Semaphorin Signaling in the Immune System

  • Vincent Potiron
  • Patrick Nasarre
  • Joëlle Roche
  • Cynthia Healy
  • Laurence Boumsell
Part of the Advances in Experimental Medicine and Biology book series (AEMB, volume 600)


Semaphorins, a family of genes encoding guidance molecules in the nervous system, influence a variety of cellular mechanisms including migration, proliferation and cytoskeleton reorganization. Interestingly, many members are expressed throughout lymphoid tissues and by different immune cells like lymphocytes, NK, monocytes and dendritic cells. Besides, the array of functions semaphorins usually regulate during organogenesis coincide with several key events required for the initiation as well as the regulation of the host immune response. Thus, it is not surprising if a substantial number of them modulates immune processes such as the establishment of the immunological synapse, differentiation to effector and helper cells, clonal expansion, migration and phagocytosis. For this purpose, immune semaphorins can signal via their canonical plexin receptors but also possibly by unique discrete cell surface proteins or associations thereof expressed by, and critical to, leukocytes. A growing list of semaphorins, receptors or related molecules keep being reported in the immune system, and display nonredundant roles at controlling its integrity and efficacy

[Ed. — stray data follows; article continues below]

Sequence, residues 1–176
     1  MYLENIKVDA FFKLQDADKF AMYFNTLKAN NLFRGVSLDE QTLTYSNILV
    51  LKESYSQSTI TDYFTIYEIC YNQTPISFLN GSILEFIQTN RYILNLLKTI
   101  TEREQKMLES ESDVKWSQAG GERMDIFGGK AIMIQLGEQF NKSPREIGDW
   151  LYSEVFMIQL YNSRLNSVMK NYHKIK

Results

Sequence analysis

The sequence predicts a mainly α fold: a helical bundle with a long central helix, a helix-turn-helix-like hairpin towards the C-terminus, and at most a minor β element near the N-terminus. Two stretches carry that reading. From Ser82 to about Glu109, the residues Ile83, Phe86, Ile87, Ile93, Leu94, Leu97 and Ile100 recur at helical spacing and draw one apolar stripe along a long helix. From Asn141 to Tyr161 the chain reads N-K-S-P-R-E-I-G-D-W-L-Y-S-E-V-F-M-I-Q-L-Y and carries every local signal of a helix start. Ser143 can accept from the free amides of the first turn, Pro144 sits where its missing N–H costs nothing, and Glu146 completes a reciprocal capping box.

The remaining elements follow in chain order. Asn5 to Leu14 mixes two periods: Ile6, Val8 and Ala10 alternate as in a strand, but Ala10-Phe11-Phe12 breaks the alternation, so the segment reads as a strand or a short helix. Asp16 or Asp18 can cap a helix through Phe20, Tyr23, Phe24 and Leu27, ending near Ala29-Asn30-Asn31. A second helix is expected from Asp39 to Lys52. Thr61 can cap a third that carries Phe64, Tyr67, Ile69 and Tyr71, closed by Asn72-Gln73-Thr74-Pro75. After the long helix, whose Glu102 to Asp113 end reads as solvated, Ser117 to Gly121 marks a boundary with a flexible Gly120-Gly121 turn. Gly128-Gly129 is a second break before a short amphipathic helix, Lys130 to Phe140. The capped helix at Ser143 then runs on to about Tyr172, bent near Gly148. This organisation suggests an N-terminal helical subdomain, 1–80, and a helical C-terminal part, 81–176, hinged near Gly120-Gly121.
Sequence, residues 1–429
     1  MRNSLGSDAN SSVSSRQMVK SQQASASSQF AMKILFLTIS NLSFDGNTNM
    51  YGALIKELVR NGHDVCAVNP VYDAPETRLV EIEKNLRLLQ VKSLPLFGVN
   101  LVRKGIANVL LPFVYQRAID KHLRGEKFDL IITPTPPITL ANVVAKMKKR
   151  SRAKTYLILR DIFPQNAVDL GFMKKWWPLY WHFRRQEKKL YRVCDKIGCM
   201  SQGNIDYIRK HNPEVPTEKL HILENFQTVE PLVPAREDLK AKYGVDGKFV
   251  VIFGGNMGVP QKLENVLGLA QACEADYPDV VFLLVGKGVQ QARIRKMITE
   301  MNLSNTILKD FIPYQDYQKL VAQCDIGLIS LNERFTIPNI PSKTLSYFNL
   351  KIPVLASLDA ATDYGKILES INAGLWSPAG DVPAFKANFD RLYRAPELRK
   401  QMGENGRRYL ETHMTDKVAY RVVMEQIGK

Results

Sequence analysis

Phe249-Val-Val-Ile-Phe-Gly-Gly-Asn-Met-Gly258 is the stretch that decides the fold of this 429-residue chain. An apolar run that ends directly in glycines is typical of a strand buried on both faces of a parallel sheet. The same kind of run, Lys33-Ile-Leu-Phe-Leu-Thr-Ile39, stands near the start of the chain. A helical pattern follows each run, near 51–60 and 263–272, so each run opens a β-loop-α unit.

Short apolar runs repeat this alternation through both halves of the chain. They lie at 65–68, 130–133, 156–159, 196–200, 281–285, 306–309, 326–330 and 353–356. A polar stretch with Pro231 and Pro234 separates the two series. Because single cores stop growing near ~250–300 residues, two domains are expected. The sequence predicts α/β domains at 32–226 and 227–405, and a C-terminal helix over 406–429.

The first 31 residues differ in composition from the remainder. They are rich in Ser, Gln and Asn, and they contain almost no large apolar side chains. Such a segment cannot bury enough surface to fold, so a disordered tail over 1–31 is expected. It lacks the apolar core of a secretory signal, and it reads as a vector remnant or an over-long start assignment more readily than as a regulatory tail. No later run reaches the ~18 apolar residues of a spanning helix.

Chronic Lymphocytic Leukemia Focal Adhesion Kinase Immunological Synapse Intracellular Signaling Mechanism Membrane Cytoplasm 


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Copyright information

© Landes Bioscience and Springer Science+Business Media 2007

Authors and Affiliations

  • Vincent Potiron
  • Patrick Nasarre
  • Joëlle Roche
  • Cynthia Healy
  • Laurence Boumsell
    • 1
  1. 1.INSERM U659Faculté de MédecineCréteilFrance

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